Category: Science

LIGO Has Confirmed The Existence Of Gravitational Waves

ligoThis is brilliant news, because it means that humanity can search the rest of the distant cosmos through more than just light and electromagnetic radiation — gravitational waves, or ripples through space time.

This confirmation by the physicists and other scientists at the Laser Interferometer Gravitational Wave Observatory (LIGO), means that Albert Einstein’s theory of relativity on gravitational waves is confirmed, more than a hundred years later.

An over-simplified version of what occurs when gravitational waves are emitted: a supermassive black hole collision 1.3 billion years old caused an energy outburst from mass that is three times more than the sun’s — in a fraction of a second. Detection of gravitational waves from that event occurred on September 14th, 2015, at 5:51 am ET, by both of the currently upgraded LIGO detectors, located in Livingston, Louisiana, and Hanford, Washington. This is a painstaking find, considering that everything not at absolute zero adds interference to detections.

The full run-down of the details of the discovery can be found at the source link. Truly, this is a milestone day in the world of science, and actually a victory for humanity’s understanding of the cosmos.

Via: NSF

SpaceX And Elon Musk Successfully Land Falcon 9 Booster In Stage 1

CWy59kAUkAEvBLaThis is one for the history books of engineering and humanity — the successful launch and return of a rocket from orbit, to its stage-one state.

The 11-minute exposure seen here shows the launch and re-entry of the rocket.

Think of it as flipping a pencil over the Empire State building, having it come back down on the eraser end, and land vertically — in less than half an hour. The Falcon 9 rocket did this, plus deliver 11 ORBCOMM communications satellites that expanded in orbit, thus successfully completing all aspects of the mission.

An interesting note however, as Elon Musk states that while the Falcon 9 is designed to be a reusable rocket, this particular model will stay as-is. “I think we’ll probably keep this one on the ground,” he said, “just [because] it’s kind of unique, it’s the first one we’ve brought back.”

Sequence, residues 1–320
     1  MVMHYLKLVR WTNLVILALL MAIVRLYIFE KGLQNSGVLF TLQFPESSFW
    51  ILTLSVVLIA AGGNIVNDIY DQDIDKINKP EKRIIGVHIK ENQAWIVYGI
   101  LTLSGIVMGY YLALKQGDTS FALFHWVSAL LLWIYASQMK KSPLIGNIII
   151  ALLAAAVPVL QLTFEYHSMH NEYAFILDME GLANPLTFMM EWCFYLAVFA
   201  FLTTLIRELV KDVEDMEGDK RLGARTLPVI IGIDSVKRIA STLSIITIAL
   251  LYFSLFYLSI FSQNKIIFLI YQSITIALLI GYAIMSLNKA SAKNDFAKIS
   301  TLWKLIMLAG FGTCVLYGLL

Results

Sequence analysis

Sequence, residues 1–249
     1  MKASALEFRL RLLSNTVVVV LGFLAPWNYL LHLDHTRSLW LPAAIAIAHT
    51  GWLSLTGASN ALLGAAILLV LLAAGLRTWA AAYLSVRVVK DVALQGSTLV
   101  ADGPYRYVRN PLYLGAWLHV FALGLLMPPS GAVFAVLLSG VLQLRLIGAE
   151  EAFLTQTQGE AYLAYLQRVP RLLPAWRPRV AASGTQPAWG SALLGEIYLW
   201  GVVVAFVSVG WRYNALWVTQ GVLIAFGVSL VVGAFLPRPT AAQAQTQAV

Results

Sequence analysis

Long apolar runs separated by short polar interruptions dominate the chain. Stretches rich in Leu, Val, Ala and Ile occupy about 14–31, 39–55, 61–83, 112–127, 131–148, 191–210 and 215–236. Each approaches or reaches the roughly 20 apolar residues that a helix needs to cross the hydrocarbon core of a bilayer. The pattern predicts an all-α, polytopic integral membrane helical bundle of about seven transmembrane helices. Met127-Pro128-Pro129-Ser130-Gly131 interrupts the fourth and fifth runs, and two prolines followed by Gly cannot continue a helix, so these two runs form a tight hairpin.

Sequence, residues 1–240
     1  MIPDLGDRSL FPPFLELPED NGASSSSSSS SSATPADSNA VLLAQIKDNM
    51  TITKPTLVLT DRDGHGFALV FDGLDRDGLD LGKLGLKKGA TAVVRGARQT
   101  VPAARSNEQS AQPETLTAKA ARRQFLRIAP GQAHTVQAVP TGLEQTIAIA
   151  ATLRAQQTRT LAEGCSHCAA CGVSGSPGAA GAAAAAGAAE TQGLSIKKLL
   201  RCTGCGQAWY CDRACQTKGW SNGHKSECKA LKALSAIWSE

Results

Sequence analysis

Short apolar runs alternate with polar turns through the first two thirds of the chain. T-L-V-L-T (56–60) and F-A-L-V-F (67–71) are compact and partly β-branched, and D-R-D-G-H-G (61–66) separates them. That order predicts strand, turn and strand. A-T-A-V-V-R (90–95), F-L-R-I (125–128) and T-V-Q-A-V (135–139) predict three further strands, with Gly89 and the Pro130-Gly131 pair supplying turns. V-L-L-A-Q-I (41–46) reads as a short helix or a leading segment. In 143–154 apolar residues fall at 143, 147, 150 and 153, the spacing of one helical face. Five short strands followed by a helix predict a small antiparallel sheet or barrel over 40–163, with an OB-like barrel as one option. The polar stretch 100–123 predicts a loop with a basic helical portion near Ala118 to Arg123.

The next Falcon 9 launch will occur sometime next year.

Via: SpaceX

SpaceX Gets A $1 Billion Investment From Google And Fidelity

crs5_dragon_orbit13And just like that, SpaceX is closer to reaching its current endeavors: a commercial space flight business and internet satellites — in space of course. Designed to plentiful enough (about 700), these low-cost, fiber-optic speed satellites would have a range down to Earth and even Mars. Google and Fidelity pitched in the $1 billion investment, which represents close to 10% ownership of SpaceX.

Here’s to the future. Via: SpaceX

Mars Rover Curiosity Comes Across Methane, But No Distinct Proof Of Life

14-330a_0Methane. A chemical that results from decay of organice matter, was read by the Mars Curiosity Rover. Measured in the atmosphere around the rover, along with organic molecules in a rock-powder sample via drill, has been the best evidence for life on Mars. Back in 2013, the methane recorded in the atmosphere were was too low to support living microbes — 1.3 parts per billion. However, recording over 20 months show that the amount varies, and that on average, 7 parts per billion of methane exists on the red planet.

Sushil Atreya of the University of Michigan and a member of the Curiosity rover science team, has this to say about the new results, “This temporary increase in methane — sharply up and then back down — tells us there must be some relatively localized source,” and that, “There are many possible sources, biological or non-biological, such as interaction of water and rock.”

Furthermore, Curiosity found organic materials in the rock-powder sample, however skepticism remains, as the organic material could have been delivered by metoreitites.